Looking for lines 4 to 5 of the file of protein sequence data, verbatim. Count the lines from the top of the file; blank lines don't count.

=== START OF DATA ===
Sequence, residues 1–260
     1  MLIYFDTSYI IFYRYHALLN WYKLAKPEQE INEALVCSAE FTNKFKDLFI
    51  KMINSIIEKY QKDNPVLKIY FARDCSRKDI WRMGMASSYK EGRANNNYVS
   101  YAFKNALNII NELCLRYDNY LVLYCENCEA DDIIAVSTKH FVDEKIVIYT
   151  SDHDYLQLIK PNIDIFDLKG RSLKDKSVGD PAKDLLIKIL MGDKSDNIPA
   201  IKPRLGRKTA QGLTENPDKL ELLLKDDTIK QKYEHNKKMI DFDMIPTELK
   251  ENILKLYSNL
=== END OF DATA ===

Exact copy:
   101  YAFKNALNII NELCLRYDNY LVLYCENCEA DDIIAVSTKH FVDEKIVIYT
   151  SDHDYLQLIK PNIDIFDLKG RSLKDKSVGD PAKDLLIKIL MGDKSDNIPA